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A Biological Arms Race: Site Specific DNA Recombination in Competing Immunofunctional Proteins

Citation

Meier, Joseph Thomas (1993) A Biological Arms Race: Site Specific DNA Recombination in Competing Immunofunctional Proteins. Dissertation (Ph.D.), California Institute of Technology. doi:10.7907/fd8q-cb34. https://resolver.caltech.edu/CaltechTHESIS:12262012-130125197

Abstract

This thesis is a compilation of inquiries into the molecular biology of two disparate organisms, each using site-specific recombination to generate diversity in and regulate the production of a protein. Coincidentally, each of these proteins functions in the context of the vertebrate immune system: one is the major defensive weapon of a eubacterial pathogen, and the other the sine qua non of the system designed to recognize and destroy infectious agents, the antibody. The first section describes a series of experiments designed to explore the molecular basis for antigenic variation in Borrelia hermsii, the eubacterial agent responsible for relapsing fever. A serotype 7 vmp gene fragment was cloned using mixed sequence oligonucleotide probes derived from the sequencing of CNBr peptides from VMP 7. Use of this fragment in northern and southern blot experiments demonstrated that B. hermsii DNA sequences duplicate and rearrange, and that these duplications correlate with differential expression of VMPs (in a pattern remarkably reminiscent of the trypanosomes). These striking results formed the basis for several subsequent studies, which are also discussed. The final section details two separate projects involving V(D)J recombination. Inital effort was directed at producing a non-lymphoid cell line capable of performing V(D)J recombination. Our strategy was based upon the ability of retroviruses to transcriptionally activate genes distant from the site of integration. Due to reports of the cloning of RAG-1 and -2, the project was discontinued, but not before producing one line with an interesting phenotype. Following largely anecdotal reports of a previously unnoticed pattern of base addition during V(D)J recombination, we decided to perform a rigorous examination of the hypothesis, using both experiment and a detailed examination of published data. While we were able to confirm the existence of palindromic, non-templated bases, our results contradicted other reports with regard to the origins and characteristics of these inserts. Some surprises arose, most notably in the influence primary DNA sequence has on the spectrum of product molecules; this adds a new dimension to a process previously thought to be well understood. 1his work represents the most thorough study of P nucleotide addition to date.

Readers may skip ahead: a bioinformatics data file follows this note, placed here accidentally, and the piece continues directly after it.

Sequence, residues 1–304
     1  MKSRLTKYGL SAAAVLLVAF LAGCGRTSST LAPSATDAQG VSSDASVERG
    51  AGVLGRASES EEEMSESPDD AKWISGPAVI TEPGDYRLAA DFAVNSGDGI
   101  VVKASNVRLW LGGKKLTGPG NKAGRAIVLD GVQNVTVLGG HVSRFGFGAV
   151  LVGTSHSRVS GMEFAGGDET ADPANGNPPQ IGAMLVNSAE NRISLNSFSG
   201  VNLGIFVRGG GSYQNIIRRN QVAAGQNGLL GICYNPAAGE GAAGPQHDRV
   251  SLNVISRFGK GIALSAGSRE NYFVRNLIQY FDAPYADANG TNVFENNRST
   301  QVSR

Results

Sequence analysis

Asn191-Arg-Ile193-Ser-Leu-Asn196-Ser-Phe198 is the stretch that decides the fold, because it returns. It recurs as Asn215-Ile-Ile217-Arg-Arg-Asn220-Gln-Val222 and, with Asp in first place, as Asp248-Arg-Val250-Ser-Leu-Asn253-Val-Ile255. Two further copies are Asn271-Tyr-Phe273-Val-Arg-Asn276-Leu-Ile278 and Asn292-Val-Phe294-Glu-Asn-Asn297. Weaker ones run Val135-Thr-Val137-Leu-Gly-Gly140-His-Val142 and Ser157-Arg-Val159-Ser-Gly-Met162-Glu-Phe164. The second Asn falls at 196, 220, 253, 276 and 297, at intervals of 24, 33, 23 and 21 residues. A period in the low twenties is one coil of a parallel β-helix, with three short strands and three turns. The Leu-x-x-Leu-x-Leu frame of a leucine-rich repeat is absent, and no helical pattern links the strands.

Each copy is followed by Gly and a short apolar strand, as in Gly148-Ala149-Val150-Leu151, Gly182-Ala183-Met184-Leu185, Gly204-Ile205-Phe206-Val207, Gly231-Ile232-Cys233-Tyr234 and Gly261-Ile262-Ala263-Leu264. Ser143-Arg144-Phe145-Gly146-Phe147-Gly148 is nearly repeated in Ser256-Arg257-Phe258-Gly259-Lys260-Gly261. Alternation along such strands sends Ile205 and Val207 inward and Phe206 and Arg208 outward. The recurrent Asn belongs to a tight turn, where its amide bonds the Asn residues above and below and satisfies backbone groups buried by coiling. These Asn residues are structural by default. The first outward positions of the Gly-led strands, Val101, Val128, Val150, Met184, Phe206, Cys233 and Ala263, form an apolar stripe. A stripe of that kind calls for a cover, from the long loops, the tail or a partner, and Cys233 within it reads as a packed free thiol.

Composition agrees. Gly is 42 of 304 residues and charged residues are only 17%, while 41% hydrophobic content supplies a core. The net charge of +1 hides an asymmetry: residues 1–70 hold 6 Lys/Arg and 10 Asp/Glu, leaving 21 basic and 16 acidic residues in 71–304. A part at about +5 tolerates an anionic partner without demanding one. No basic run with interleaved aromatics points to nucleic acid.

Item Type:Thesis (Dissertation (Ph.D.))
Subject Keywords:Biology
Degree Grantor:California Institute of Technology
Division:Biology
Major Option:Biology
Thesis Availability:Public (worldwide access)
Research Advisor(s):
  • Hood, Leroy E.
Thesis Committee:
  • Meyerowitz, Elliot M.
  • Wold, Barbara J.
  • Bjorkman, Pamela J.
  • Barbour, Alan G.
Defense Date:17 September 1992
Record Number:CaltechTHESIS:12262012-130125197
Persistent URL:https://resolver.caltech.edu/CaltechTHESIS:12262012-130125197
DOI:10.7907/fd8q-cb34
Default Usage Policy:No commercial reproduction, distribution, display or performance rights in this work are provided.
ID Code:7352
Collection:CaltechTHESIS
Deposited By: Benjamin Perez
Deposited On:02 Jan 2013 21:12
Last Modified:16 Apr 2021 22:54

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